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Makers Empire 3D software is engaging children globally.

3D technology makes learning memorable

Move over playdough, school children are now designing and printing their own 3D book characters, pyramids and ball bearing puzzles using an Australian software-based learning platform - Makers Empire.

Makers Empire CEO, Jon Soong, and his company co-founder, Roland Peddie, invented the first iteration of the software, experimenting with a second-hand 3D printer they bought off Gumtree and trialling the results in primary schools in South Australia.

“The feedback was incredible. The kids loved it and the teachers wanted to know what they could do with it,” Soong says.

Makers Empire has concentrated on developing the software for 3D printers, rather than hardware. But Soong says his company quickly realised having software wasn’t enough because “there was a danger schools would just buy it and then not be able to use it”.

“We developed all the supporting structures, like lesson plans, so teachers would know how to get the learnings out of the software and professional development, both face-to-face and online, through a teachers’ portal,” he says.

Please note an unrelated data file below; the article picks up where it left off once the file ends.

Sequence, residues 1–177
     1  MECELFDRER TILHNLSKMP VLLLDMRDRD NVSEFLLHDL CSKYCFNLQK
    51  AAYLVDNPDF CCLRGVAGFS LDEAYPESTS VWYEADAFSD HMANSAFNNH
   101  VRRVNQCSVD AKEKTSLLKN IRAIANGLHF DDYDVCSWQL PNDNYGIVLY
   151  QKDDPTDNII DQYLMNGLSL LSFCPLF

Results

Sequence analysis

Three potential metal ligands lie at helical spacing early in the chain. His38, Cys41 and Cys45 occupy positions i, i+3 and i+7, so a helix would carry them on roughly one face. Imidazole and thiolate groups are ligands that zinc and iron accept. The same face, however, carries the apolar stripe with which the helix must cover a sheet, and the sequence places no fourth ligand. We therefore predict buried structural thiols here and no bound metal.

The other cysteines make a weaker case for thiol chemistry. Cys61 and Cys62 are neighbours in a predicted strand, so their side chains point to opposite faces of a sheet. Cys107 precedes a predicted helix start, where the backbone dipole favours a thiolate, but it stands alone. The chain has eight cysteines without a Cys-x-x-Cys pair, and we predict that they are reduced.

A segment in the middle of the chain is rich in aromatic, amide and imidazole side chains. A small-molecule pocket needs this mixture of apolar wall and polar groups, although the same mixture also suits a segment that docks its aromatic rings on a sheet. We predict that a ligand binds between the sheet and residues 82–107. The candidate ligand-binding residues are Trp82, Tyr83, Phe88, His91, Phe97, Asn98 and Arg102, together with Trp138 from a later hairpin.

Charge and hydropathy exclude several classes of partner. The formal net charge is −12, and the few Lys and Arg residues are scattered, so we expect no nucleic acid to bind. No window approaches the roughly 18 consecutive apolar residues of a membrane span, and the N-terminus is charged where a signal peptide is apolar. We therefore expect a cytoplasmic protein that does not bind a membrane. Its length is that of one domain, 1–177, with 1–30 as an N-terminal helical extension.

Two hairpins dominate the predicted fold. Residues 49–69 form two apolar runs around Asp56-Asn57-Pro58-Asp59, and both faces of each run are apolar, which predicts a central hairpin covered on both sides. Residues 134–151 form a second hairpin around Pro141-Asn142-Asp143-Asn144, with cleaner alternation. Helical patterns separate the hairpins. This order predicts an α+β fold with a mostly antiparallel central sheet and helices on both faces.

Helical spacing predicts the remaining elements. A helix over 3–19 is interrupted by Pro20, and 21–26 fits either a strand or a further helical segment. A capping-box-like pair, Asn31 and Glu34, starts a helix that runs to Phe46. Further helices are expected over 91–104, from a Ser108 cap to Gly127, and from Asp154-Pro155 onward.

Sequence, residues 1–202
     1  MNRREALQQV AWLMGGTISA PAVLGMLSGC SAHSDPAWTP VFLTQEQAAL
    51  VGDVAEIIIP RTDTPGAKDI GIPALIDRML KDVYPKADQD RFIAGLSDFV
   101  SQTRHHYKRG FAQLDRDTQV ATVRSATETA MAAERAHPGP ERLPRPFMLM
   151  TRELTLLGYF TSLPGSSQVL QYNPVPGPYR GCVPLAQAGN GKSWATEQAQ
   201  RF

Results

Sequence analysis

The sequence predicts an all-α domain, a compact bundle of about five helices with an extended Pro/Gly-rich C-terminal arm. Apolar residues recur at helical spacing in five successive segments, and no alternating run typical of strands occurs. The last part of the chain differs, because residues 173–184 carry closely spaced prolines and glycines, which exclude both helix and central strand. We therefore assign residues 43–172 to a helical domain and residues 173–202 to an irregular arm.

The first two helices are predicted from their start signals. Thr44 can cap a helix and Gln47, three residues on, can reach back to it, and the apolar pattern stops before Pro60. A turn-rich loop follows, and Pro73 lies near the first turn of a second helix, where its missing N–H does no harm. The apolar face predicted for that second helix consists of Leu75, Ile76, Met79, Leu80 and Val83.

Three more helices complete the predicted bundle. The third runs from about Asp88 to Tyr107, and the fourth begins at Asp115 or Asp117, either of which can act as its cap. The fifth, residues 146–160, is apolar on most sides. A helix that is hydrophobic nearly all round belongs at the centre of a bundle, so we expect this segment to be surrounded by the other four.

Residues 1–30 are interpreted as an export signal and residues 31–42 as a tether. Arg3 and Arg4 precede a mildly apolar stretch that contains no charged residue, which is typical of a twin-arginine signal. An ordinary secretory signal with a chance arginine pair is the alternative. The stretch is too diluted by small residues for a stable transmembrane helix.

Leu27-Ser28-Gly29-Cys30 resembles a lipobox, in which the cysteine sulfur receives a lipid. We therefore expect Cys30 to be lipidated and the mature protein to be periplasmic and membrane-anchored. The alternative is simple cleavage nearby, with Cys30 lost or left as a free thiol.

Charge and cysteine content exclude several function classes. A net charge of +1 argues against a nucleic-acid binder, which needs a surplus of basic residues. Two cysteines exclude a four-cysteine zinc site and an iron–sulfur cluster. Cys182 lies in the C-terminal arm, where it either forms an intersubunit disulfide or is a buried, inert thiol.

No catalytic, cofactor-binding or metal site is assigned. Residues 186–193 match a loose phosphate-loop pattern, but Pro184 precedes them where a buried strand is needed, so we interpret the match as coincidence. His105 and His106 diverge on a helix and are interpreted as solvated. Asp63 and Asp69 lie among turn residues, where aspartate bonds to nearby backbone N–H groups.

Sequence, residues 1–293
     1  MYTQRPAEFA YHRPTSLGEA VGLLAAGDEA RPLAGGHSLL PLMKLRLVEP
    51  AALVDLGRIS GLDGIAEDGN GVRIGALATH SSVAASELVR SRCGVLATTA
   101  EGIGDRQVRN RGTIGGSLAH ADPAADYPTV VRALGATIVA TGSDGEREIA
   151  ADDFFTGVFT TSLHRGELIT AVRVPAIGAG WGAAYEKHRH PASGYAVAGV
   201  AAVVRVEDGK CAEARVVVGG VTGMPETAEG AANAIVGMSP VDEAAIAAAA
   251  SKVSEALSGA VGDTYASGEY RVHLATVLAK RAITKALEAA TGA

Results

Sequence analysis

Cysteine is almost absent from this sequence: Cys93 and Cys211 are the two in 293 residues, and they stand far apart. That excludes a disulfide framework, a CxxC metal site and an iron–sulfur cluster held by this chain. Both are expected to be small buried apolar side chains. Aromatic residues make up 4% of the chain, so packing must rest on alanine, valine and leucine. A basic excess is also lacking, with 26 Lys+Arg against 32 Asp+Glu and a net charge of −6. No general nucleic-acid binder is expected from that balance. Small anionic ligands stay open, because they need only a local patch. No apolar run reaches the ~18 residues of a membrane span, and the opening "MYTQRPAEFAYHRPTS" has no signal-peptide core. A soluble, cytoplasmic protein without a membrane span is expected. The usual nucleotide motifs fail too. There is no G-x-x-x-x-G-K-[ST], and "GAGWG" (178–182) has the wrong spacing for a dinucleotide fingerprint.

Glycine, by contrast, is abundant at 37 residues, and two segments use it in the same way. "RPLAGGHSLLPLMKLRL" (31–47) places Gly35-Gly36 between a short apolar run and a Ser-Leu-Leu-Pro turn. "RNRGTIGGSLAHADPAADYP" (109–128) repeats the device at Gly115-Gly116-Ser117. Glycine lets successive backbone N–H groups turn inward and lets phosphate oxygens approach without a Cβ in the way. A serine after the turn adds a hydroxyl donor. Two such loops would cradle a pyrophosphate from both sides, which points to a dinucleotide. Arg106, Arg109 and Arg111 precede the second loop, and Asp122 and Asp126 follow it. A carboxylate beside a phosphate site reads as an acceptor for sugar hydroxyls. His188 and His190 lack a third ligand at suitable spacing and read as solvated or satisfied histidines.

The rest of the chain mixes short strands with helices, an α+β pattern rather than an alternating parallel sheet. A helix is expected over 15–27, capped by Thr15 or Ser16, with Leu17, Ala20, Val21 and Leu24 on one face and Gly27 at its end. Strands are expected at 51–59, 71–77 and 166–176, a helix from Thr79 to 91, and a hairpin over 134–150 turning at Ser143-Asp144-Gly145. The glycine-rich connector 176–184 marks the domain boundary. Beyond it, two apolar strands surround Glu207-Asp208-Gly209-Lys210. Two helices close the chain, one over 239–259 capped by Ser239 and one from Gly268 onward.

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I think the kids that learn these skills today will be well set up for the next generation of jobs.

Jon Soong CEO Makers Empire

Classrooms of children from the age of four and up are using the platform in Australia, Korea, India, China, and the US.

“It’s an engagement tool for the teachers,” Soong explains.

With an increasing appetite for 3D printing in schools, Soong sees great growth potential. While the company initially focused on selling to individual schools, its goal now is to sell to groups of schools.

With the assistance of investors and Australian Government commercialisation funding and advice, Makers Empire is delivering a pilot project in US schools which will be completed in early 2016.

As part of the Australian Government assistance Commercialisation Advisor Doug Adamson has advised the company on how to enter the marketplace and he is impressed by the teams’ capacity and the potential of their product.

“3D printing is being seen as the future of manufacturing and Makers Empire is well positioned to have a go in that market,” he says.

Learn how Makers Empire is helping students solve real-world problems with 3D printing.

Further information

For more information, visit Accelerating Commercialisation or call 13 28 46.

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